Can we trust the scans?
The trustworthyness of the MRI is only as good as the equipment, the image quality, and the expertise of the practitioner who analyzes the images. The differences in tissue appearance, based on which conclusions are drawn, are subtle at best. Prostate MRI analysis is a relatively new undertaking, with many rookies.
I am Gleason 9. I flew 2500 miles to seek out a practitioner who I concluded was one of the few legitimate experts. I don't know what options you have in Canada. Unfortunately, it falls to you to assess the expertise of your practitioners.
You have already indicated that you know the limitations of the pelvic/abdominal CT scan and bone scan.
Unfortunately for all of us, there is no test available anywhere in the world that is able to detect the earliest bundles of spreading prostate cancer, which are microscopically small.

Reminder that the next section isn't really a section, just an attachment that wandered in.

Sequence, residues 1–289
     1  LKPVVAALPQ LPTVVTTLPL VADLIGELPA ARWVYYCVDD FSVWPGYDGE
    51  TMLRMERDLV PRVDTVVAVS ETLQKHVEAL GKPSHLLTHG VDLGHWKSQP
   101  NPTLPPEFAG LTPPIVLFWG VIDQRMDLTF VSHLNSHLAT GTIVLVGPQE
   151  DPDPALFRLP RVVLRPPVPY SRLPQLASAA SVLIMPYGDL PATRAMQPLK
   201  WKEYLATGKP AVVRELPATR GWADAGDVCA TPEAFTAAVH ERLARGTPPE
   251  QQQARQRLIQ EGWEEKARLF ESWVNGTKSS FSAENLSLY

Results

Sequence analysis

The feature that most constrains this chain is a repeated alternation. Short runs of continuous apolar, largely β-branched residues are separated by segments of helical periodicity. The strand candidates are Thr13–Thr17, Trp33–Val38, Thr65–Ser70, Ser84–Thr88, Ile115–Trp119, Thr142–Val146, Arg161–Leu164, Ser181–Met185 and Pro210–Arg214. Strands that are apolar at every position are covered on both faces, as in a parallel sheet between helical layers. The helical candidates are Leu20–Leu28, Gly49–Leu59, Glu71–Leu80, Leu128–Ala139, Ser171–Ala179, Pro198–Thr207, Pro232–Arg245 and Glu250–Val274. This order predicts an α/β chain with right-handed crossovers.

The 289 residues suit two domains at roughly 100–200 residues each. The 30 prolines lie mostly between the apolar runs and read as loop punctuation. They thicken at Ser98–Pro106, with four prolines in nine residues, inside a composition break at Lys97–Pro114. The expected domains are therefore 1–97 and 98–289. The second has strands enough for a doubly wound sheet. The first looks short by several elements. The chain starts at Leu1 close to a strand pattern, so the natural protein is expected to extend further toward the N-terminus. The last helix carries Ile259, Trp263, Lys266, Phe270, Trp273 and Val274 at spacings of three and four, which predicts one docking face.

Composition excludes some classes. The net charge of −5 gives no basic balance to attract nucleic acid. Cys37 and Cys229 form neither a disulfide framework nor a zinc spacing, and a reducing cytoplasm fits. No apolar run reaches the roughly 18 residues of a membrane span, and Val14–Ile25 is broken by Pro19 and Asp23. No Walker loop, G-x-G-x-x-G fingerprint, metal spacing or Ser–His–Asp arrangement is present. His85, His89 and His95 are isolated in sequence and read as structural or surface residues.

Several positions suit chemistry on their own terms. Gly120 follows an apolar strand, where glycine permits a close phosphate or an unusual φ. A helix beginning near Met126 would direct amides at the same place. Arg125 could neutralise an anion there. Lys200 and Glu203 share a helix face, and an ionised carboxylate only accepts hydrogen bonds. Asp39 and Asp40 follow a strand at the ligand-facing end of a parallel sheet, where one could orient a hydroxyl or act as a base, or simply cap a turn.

There are experimental scans with better detection capabilities that can sometimes be obtained with sufficient research/persistence/payment, but as said above, there is no scan for which a finding of "clear" guarantees you are actually clear.
That is why some practitioners make use of Gleason score and PSA score to guide treatment decisions. By studying results of treatment over long periods of time, they have observed that certain combinations of Gleason score and PSA score have highly elevated risk of local, regional, and distant metastasis at the time of diagnosis, even when the scans return findings of "clear".
For this reason, some recommend against surgery when Gleason scores and PSA scores reach certain thresholds, even when cancer outside the prostate is not proven. It is assumed.
At the current state of technology, choices of treatment are, at best, educated guesses.